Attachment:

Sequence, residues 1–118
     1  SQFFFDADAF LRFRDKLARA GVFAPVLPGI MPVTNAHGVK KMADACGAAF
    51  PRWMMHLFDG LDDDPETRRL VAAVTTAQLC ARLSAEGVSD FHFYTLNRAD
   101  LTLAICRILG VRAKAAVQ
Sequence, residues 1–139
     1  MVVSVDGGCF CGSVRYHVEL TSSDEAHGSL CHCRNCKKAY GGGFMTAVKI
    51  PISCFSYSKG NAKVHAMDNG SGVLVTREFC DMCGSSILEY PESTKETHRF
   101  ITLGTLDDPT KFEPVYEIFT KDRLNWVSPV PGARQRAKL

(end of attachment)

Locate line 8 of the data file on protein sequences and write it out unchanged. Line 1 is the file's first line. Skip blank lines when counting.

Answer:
   101  ITLGTLDDPT KFEPVYEIFT KDRLNWVSPV PGARQRAKL